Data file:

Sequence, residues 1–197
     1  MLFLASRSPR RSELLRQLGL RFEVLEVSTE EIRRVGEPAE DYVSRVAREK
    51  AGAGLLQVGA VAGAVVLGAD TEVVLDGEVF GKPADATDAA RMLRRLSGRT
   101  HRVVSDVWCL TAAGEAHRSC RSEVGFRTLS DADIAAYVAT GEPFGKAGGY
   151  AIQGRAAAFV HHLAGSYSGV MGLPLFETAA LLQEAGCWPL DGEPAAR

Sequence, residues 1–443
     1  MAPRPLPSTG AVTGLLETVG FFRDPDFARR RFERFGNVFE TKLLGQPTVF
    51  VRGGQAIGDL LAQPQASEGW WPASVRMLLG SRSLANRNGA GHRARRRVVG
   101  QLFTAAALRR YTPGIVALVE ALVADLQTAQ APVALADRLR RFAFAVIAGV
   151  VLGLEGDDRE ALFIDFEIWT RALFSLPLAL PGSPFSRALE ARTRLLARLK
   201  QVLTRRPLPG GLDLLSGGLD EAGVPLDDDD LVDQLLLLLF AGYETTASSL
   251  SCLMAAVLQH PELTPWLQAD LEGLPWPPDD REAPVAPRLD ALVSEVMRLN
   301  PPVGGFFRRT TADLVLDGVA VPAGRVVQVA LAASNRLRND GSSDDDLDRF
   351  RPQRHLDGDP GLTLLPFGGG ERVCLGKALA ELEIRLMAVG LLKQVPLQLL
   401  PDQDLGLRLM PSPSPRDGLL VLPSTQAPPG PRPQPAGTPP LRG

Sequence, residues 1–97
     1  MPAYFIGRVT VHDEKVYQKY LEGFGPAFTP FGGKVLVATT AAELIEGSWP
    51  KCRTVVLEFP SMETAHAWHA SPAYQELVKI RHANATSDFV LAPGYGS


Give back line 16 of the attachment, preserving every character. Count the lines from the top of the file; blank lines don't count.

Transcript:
Sequence, residues 1–97